KOTA KINABALU: Animal rights activists are calling for more transparency by the Sepilok Orang Utan Rehabilitation centre, especially over its silence with the high-profile release of the orang utan named Tiger at the Tabin wildlife reserve late last year.
Friends of the Orangutans Malaysia director Upreshpal Singh said it was clear that Tiger was unable to go back to its natural home and was brought back to the Sepilok rehabilitation centre.
“We are aware that it is now in Sepilok but its management continues to use videos of its release back to the wild as a success story to tourists visiting the internationally famed rehabilitation centre.
“The use of such video portraying Tiger’s release may not be the appropriate representation, ” he said, adding that it was important for Sepilok authorities to explain what happened to Tiger, which was rescued as a baby 17 years ago.
Having spent 17 years in the Sepilok Forest Reserve, it was set free at the Tabin Wildlife Reserve in Lahad Datu on Oct 3 last year.
However, it was learned that he did not adapt well to his new environment, and was seen venturing into human settlements before he was recaptured and taken back to Sepilok.
“Why were they silent when Tiger was taken back to Sepilok? We have written to Sepilok authorities but they have never responded, ” Upreshpal said, adding that Tiger’s release was highly publicised as the “journey to freedom” and “return to the wild” by the Sabah Wildlife Department.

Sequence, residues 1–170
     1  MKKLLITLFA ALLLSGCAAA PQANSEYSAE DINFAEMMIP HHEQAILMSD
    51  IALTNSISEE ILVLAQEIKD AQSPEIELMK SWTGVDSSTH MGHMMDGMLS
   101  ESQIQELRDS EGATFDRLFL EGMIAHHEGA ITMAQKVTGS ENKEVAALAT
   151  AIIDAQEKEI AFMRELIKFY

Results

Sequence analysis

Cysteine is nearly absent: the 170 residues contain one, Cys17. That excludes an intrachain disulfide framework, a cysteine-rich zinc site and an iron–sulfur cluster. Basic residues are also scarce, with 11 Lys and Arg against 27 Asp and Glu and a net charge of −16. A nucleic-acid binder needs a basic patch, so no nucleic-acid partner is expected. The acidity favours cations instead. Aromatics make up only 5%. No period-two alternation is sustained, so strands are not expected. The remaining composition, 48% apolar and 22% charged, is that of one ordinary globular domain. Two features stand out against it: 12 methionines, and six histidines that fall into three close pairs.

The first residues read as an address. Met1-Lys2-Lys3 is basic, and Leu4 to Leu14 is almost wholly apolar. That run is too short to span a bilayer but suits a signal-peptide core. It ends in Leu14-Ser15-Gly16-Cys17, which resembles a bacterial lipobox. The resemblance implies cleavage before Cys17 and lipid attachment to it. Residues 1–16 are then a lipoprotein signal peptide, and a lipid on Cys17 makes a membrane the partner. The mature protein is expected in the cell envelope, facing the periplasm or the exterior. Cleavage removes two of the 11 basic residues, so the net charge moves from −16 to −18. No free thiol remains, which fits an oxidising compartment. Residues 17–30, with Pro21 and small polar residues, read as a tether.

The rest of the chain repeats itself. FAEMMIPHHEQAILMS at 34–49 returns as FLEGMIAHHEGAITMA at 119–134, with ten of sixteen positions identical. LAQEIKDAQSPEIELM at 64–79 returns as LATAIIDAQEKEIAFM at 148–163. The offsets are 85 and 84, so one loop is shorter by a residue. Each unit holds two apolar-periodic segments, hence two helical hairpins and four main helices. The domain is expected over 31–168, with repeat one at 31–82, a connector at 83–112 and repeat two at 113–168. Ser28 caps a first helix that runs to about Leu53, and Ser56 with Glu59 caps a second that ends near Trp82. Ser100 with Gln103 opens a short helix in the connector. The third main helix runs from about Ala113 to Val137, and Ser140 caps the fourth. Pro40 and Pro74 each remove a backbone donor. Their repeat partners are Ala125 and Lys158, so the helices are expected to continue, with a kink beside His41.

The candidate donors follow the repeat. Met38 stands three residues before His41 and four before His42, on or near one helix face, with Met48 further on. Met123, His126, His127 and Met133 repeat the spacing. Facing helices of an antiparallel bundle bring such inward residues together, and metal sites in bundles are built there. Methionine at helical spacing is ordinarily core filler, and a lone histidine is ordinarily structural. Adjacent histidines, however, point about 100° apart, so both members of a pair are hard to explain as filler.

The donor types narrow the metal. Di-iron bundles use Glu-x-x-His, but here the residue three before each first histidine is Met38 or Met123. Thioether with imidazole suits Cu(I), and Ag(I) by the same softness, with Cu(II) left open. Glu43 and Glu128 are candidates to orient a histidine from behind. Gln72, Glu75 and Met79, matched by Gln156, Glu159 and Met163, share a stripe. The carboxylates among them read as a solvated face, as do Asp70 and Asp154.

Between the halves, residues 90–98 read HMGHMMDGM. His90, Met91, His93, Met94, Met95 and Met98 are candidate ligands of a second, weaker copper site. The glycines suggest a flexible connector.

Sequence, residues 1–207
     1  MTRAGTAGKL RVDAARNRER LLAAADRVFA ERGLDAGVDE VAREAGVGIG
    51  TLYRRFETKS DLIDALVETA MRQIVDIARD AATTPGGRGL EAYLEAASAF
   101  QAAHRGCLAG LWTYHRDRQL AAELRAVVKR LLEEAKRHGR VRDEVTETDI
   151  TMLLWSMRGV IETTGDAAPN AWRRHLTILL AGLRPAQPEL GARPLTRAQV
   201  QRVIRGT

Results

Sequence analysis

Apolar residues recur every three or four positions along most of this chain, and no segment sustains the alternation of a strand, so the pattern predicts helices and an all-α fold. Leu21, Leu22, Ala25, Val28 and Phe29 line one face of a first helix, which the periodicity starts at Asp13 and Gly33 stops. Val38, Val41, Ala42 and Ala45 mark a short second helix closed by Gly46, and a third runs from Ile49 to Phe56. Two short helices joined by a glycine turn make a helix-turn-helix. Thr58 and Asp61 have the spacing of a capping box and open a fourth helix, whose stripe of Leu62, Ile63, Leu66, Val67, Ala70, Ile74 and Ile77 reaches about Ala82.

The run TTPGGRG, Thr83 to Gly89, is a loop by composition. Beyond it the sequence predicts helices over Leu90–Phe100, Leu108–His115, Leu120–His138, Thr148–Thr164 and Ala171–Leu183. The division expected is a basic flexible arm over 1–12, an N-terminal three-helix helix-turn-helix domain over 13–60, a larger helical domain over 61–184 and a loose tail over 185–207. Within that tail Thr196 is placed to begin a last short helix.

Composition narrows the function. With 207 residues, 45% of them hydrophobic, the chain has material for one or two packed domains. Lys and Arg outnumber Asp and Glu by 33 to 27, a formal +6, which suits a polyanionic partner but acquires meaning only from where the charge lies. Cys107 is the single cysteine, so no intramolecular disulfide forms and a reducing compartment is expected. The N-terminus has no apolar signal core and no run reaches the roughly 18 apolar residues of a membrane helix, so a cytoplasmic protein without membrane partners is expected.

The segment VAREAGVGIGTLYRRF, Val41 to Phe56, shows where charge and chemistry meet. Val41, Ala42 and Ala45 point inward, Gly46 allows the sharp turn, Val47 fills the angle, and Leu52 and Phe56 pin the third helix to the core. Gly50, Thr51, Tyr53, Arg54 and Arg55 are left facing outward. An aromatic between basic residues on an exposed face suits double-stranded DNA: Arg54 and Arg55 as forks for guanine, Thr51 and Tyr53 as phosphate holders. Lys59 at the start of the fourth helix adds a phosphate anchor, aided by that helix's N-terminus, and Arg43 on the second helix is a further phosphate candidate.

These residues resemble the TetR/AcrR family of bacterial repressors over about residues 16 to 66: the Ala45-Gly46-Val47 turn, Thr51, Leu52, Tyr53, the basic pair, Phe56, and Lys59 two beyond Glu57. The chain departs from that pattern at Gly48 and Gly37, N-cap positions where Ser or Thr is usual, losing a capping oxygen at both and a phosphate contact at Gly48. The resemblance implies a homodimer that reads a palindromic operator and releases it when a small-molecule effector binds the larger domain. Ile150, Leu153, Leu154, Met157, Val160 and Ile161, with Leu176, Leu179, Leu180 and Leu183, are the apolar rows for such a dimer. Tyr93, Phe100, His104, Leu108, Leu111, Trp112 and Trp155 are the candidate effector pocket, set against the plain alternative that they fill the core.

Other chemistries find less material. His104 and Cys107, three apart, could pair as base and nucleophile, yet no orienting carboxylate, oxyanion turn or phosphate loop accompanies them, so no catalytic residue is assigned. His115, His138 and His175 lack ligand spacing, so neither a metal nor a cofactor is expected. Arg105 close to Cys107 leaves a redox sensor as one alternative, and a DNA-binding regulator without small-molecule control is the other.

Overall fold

“We would like to question whether Tiger’s release into Tabin was a success for orang utan conservation in Sabah, especially since Tiger was relocated back to Sepilok two months later, ” he added.
Upreshpal said when rehabilitated orang utans were released, there needed to be post-release monitoring but there was none when it came to Tiger.
He said the International Union for Conservation of Nature also recommended that post-release monitoring data be made public as part of conservation efforts of orang utans.
He noted that Tiger was a fully mature male, and in a forest, dominant orang utan males establish their territory and generally stay within it their entire lives.
He felt that putting Tiger into a forest could possibly have led to brutal physical conflicts with other resident males.
“Tiger has been at Sepilok for more than 15 years, so he may not have the survival skills of a totally wild dominant male orang utan, ” he said, adding that Tiger might not have the ability to establish and defend himself in his new home.
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